Recipe: My little pumpkin dumpling

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Indy Lifestyle Online
EVERY so often a recipe arrives that seduces by associations. It is a family recipe from a simpler era. It is from someone who really loves to cook. This is the case for our opening week of cooking with pumpkins. The recipe is for gnocchi di zucca, a sort of pumpkin dumpling, from Oscar Del Fabbro of Battersea, south London.

He is an Italian from the Friuli region. This recipe is from his grandmother, who adapted it from years she spent in Austria at the turn of the century. She would have laughed at the sight of me struggling to form the dumplings in the traditional manner, by flipping them off the inside curve of a fork. In the first of three attempts, I managed to reduce them to rubber. I finally ditched the egg called for in the dough and achieved a lighter, delicately flavoured dumpling. Do not be tempted to put it in a food processor.

Mr Del Fabbro wins two bottles of 1991 Avignonesi Bianco from Reid Wines, near Bristol.

Gnocchi di Zucca

Serves 2-4

Ingredients: 1lb/450g fresh pumpkin cooked to 8oz/225g puree

4oz/115g flour

1/4 tsp salt

Pinch freshly grated nutmeg

1tbs cinnamon and sugar mix

(1 part cinnamon to 2 parts sugar)

1tbs butter

Preparation: Peel and cube pumpkin and cook in a saucepan with 4tbs water over a low heat for 20-30 minutes. Stir occasionally to ensure it does not stick. Press through a sieve, discarding excess water. You should have about 8oz puree. Cool it, add salt and a good pinch of freshly grated nutmeg. Mix well. Gradually add the flour. The amount will depend on the pumpkin and the flour: stop when you have a loose and tacky dough.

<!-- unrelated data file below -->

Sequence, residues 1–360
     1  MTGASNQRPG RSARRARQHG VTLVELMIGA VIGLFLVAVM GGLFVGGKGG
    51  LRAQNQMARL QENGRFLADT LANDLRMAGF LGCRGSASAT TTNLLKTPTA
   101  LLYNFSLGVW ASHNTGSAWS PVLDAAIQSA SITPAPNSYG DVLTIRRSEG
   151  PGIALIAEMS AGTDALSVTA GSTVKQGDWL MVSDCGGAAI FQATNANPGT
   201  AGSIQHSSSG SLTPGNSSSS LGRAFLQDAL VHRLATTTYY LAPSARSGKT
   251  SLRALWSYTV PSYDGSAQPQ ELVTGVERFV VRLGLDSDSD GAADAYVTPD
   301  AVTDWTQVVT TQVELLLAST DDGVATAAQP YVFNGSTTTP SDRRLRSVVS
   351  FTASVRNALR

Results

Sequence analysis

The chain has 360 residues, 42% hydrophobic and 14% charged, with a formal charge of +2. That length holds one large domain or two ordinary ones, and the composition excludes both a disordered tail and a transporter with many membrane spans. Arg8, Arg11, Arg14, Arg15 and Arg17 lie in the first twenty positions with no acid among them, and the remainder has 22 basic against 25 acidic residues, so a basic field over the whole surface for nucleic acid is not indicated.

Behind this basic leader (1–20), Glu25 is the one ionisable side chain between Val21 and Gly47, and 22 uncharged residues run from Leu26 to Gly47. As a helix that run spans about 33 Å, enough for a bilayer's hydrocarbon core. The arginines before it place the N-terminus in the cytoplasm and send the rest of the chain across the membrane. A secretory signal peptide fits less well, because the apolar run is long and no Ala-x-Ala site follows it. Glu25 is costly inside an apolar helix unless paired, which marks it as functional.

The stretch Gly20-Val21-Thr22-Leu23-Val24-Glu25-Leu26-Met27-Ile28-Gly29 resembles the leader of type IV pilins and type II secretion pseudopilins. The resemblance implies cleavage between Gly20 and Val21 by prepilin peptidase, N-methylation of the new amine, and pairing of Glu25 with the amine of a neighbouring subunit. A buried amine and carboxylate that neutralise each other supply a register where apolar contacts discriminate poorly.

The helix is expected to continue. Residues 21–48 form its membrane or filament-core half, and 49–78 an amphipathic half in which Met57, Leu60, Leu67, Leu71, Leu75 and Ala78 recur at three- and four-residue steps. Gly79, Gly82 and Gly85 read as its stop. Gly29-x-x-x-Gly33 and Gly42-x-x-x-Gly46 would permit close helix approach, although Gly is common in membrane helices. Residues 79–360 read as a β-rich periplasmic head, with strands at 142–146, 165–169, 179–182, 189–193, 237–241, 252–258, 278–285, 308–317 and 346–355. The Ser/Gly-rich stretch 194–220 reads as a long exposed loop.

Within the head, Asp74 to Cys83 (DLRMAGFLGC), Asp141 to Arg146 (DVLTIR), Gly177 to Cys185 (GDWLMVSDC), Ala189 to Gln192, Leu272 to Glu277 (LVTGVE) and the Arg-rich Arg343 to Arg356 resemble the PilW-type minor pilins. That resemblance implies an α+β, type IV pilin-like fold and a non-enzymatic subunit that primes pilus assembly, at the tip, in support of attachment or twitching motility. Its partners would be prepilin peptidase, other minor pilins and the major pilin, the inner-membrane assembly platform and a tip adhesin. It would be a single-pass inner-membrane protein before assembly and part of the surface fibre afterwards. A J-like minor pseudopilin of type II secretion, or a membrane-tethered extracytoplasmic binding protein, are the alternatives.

Flour your hands, a board and a plate. Knead the dough lightly. Cut off a piece and form a roll approximately 1in in diameter. Slice the roll in 1in pieces so you have walnut-sized gnocchi. Press with a fork to flatten them; thick ones will cook unevenly. Lay the dumplings on the floured plate.

Have ready a large pot with plenty of boiling salted water. Slide the gnocchi into the pot, about a dozen at a time. Do not overload it. If you do, they will stick to the bottom in a gluey mass. They are cooked when the water returns to the boil and they rise to the surface. Remove with a slotted spoon, decant to a warmed dish and brush lightly with melted butter or olive oil. Repeat with second batch of dumplings.

Sprinkle 1 heaped tbs of mixed cinnamon and sugar over them, and pour over 1 good tbs of lightly browned butter. Alternatively, they may be served with tomato sauce and grated parmesan.

Next week: more pumpkins. Recipes should be sent to Emily Green, Recipe, Independent, 40 City Road, London EC1Y 2DB. We also welcome suggestions for our new category: winter stews. The prize will be a bottle of 1991 Charles Melton Nine Popes from Barossa Valley, Australia.